I was Investigating on the evolution of Argentina's Foreign Debt over the past 150 years or so (history is a pasion I tend to keep offline, for reasons unknown), when I came across CIA's World Factbook entry on this country. Upon other interesting (and rather unbiased) facts one can read this tidbit:
Inflation rate (consumer prices): 22% based on non-official estimates; the much lower official rate lacks credibility (2008 est.)
The official rate (as measured by INDEC) was 7.2% for that same period.
I can't help but wonder how is it that we, Argentines, can allow a government to systematically lie to us. It is plainly unacceptable.
Yet there are many people who benefit from this double standards situation. No one on the middle class does, but Argentine governments have proved a serious expertise on slaughtering Argentina's middle class.
As part of a global community, and part of a global (or worldsourced) company it is very difficult to explain this kind of crap to people in places that make some more sense.
Oh, and before I forget, according to the same CIA factbook, Argentina Ranks #211 out of 224 in inflation. Hey! lets look at it from the bright side, at least this is not (yet?) Zimbabwe with a 11,000,000% inflation in 2008.
Also, we are in good company with countries such as Venezuela, Iran or Nicaragua.
I know I repeat myself, but here's the twist: there are several pressing matters in Argentina today. The one that makes the most headlines is the lack of security. As in going out to the street and being mobbed, robbed or killed. That has started an idiotic discussion on installing the Death Penalty.Needless to say I oppose it without any contemplations.
The thing is, such discussions are nothing else than mere distractions of the real issues we face. insecurity is nothing else than a by-product of the lack of serious and permanent policies. Each government is more interested in trying to be as corrupt as they can, instead of trying to make life better for the same people that voted them.
How can we even suggest giving a state that lies on a permanent basis the power to kill? It is plainly stupid. We are being idiotic.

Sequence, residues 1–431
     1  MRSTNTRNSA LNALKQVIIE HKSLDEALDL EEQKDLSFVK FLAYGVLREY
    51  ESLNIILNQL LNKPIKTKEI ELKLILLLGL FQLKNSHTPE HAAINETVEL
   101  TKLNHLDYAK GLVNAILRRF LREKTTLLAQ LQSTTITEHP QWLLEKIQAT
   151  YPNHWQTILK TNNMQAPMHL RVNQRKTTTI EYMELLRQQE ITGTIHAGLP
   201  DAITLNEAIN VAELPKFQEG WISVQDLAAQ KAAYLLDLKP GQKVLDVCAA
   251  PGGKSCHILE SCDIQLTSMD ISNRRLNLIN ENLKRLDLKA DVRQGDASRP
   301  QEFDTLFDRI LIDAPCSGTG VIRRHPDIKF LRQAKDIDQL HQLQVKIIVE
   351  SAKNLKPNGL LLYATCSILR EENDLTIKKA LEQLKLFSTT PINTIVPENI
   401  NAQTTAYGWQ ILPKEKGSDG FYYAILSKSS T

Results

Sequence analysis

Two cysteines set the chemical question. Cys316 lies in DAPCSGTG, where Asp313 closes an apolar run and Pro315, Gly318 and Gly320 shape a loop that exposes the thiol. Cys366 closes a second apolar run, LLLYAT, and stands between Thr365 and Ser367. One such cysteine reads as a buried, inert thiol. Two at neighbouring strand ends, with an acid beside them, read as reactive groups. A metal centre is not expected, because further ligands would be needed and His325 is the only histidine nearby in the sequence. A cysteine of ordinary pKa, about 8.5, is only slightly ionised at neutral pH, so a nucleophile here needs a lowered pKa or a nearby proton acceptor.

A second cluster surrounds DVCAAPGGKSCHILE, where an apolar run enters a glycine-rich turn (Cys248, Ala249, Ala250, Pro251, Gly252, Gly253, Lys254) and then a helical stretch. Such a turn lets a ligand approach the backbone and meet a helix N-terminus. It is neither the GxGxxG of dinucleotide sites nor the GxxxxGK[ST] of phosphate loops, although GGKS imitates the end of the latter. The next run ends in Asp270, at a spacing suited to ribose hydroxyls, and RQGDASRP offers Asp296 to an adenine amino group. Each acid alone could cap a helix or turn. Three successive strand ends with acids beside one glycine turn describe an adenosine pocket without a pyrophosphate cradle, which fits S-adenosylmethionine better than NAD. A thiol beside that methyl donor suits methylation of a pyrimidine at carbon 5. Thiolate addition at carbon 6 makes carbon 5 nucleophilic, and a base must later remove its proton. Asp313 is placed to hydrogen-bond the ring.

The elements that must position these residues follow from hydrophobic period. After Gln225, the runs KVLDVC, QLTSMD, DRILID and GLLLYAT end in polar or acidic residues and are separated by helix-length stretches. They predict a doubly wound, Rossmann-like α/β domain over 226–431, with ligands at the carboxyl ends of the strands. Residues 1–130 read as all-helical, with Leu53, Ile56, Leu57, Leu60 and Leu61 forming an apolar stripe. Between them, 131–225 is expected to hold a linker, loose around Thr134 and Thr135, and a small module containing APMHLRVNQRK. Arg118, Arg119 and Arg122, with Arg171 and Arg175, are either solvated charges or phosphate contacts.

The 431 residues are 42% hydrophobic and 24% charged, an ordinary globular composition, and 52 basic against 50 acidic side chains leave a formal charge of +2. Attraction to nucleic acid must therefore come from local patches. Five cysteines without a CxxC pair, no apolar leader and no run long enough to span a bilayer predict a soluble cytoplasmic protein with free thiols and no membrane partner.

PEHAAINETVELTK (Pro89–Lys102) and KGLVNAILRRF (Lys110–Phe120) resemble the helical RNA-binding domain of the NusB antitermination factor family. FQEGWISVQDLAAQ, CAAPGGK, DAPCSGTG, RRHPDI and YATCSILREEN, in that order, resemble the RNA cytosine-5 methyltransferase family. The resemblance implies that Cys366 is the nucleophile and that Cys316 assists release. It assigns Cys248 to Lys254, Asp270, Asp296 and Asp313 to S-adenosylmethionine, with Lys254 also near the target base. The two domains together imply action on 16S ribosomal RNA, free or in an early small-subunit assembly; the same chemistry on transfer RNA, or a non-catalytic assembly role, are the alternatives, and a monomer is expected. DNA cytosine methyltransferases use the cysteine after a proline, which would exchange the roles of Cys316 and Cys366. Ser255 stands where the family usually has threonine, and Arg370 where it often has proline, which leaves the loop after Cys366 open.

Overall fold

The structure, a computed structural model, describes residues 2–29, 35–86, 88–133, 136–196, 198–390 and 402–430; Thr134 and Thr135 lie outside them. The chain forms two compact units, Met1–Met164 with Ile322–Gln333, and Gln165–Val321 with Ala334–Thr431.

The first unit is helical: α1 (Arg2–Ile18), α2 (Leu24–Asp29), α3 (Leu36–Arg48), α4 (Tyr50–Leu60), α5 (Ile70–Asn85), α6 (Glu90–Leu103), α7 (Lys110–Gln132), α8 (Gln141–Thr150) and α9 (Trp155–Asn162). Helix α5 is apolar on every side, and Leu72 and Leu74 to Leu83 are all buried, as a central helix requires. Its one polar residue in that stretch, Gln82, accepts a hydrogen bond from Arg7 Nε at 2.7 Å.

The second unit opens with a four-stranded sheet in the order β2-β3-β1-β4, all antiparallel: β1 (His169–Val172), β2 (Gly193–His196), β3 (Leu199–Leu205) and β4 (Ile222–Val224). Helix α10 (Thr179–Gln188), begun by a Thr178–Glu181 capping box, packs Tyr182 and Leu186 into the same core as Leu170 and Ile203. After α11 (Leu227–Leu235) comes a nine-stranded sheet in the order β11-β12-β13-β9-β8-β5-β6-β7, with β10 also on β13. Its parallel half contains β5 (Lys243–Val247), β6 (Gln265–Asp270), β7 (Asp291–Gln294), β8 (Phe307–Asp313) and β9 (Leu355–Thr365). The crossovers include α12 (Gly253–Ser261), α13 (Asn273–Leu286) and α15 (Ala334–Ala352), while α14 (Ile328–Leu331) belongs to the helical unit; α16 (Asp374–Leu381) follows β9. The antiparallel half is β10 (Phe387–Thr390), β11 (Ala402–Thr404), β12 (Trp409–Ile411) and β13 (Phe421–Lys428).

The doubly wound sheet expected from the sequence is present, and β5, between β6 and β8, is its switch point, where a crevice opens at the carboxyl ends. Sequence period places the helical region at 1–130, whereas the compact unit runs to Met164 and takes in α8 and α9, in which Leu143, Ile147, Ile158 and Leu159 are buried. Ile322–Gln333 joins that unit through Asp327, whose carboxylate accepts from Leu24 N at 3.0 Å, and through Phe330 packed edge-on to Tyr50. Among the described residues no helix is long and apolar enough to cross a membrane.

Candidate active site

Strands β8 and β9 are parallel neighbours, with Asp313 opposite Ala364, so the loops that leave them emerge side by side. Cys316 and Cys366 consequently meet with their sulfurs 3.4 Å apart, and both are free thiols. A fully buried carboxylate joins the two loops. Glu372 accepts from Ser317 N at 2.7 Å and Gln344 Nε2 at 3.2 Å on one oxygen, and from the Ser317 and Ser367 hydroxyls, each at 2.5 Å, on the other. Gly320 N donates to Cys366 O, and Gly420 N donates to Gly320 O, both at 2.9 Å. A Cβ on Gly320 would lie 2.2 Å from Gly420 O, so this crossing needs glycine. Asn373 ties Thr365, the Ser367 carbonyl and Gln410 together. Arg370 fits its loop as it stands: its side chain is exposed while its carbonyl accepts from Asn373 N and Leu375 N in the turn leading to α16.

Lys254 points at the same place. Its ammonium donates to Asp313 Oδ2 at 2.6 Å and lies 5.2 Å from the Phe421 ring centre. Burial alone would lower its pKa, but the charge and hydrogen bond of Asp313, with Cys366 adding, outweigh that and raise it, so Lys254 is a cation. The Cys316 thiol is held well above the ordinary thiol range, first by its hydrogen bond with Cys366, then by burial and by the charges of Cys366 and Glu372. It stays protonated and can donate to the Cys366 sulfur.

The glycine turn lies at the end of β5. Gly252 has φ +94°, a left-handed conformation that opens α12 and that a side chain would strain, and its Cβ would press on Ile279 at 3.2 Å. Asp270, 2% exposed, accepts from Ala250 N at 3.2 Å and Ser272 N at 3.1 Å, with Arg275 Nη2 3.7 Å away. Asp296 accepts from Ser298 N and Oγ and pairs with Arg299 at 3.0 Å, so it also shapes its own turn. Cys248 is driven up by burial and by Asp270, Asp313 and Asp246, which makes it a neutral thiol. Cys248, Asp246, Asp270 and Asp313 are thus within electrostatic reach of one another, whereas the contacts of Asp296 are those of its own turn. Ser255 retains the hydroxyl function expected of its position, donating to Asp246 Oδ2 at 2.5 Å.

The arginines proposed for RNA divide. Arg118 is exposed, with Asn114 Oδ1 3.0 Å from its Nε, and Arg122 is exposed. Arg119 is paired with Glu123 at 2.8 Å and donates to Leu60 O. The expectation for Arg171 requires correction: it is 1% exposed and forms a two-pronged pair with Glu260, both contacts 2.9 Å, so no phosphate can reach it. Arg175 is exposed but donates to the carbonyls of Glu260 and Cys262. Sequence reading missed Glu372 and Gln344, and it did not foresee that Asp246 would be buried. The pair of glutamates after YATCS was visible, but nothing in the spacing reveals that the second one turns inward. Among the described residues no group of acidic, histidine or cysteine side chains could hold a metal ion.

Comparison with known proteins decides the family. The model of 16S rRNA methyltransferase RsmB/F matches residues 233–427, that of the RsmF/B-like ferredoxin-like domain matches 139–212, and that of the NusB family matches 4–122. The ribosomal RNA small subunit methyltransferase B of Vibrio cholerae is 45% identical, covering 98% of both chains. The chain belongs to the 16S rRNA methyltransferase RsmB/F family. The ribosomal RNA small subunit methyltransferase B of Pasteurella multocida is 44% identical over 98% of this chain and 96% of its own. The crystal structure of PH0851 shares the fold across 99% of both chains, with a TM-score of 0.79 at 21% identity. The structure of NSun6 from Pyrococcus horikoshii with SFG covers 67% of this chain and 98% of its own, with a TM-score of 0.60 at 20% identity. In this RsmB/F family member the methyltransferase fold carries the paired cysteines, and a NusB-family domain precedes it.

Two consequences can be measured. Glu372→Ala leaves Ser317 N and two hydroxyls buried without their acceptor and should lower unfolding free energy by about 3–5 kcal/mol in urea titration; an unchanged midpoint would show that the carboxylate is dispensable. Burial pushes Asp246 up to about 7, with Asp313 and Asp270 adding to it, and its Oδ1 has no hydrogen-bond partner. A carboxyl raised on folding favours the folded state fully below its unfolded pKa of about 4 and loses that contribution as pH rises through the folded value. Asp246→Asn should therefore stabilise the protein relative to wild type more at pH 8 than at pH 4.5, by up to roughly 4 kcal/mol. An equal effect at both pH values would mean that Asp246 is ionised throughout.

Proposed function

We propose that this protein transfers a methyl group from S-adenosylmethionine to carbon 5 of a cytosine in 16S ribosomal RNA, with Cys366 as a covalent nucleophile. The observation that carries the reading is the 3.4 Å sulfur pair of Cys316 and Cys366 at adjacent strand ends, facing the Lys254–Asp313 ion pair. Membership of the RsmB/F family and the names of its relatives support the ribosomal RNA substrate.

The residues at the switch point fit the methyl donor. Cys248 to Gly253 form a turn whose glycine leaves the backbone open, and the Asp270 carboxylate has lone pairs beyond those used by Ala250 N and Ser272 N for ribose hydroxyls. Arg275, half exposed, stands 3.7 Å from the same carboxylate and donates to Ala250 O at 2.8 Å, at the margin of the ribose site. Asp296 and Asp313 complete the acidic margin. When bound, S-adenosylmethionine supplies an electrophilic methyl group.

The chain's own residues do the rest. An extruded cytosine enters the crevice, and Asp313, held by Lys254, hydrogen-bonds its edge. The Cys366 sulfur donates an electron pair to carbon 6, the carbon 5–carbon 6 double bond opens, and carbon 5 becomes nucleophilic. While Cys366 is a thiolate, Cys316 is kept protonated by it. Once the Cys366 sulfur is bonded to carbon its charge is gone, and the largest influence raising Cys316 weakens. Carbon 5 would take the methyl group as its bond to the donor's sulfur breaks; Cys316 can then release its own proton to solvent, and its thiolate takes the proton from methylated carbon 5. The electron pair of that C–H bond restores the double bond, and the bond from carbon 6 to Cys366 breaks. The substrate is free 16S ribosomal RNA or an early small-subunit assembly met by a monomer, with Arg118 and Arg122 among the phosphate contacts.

Is Argentina beyond saving? I fear so. The only reason we are not Ethiopia or Afghanistan is because we are blessed enough to have an abundance in natural resources.
Until we realize as a nation that changin reality is something that needs to be done collectively we will be lied to, stupidized, and led to think irrelevant matters we will not surge from the downward spiral we've been in since the 1930s.
We are corrupt, at all levels. We are all corrupt. We like the easy way out from all situations. Nothing can be built until we extirpate that from our national DNA.
This past summer, while at Junin for new year we went to some friends' country house. While we were scorching under the sun a fast storm front approached.
It took me quite a while to upload this pictures (don't know why), but I thought I'd share.
(click on the images for full size and technicolor glory @ flickr)
Colour mixed Fields:
People who read this blog are aware that I am a BMW fan. There is a long personal and family history with the German car maker. Thus yesterday was a special day. BMW-Sauber secured its first GP win at Canada. Not only that, they finished both First (Kubica) and Second (Heidfeld). And to top it all Robert Kubica is now at #1in the drivers championship.
After Lewis Hamilton crashed into Kimi's car at the exit of the pit lane I started suffering. I wondered "what can go wrong?". Fortunately nothing broke, and neither Robert or Nick crashed...
Just 1 year after the massive accident the Pole driver had in Canada the way he set the pace and won the race was nothing short of amazing.
But my blissful day didn't end there. During the afternoon my Football (Soccer, ugh) team became Argentinean Champion for the first time in 4 years. After being left out of the "Libertadores Cup" on a not-so-nice way It was a great relief.
I am a happy man!
Or a handbook on how Argentinian Government runs this country.
87 fucking days. That is how long the strikes and protests from the rural workers has lasted. There have been ups and downs. We've seen Supermarket shelves empty and fill up again. Now we see them emptying.
What is going on around here is the kind of idiotic fight our current government loves to get into. Their definition of strength is to never step back a single inch. It would seem that "to talk" equals "debility" in their deranged and power blinded minds.
It all started due to a tax imposition to agricultural exports. With soybean and other commodities at record prices Government thought it would be a good idea to increase the export fees. There were two problems with this: a. It didn't contemplate that such high taxes would strangle small producers and b. the money will most certainly go to some obscure account somewhere in the Cayman Islands.
If a government calculates year-to-year inflation in 9% and independent studies show it could be nowhere bellow 25% one of two things must be happening. Those in charge of price variation measurements are either morons (and they need to quit) or they lie (and they need to quit). Only in a country such as Argentina can something so obscenely absurd can be sustained for so long.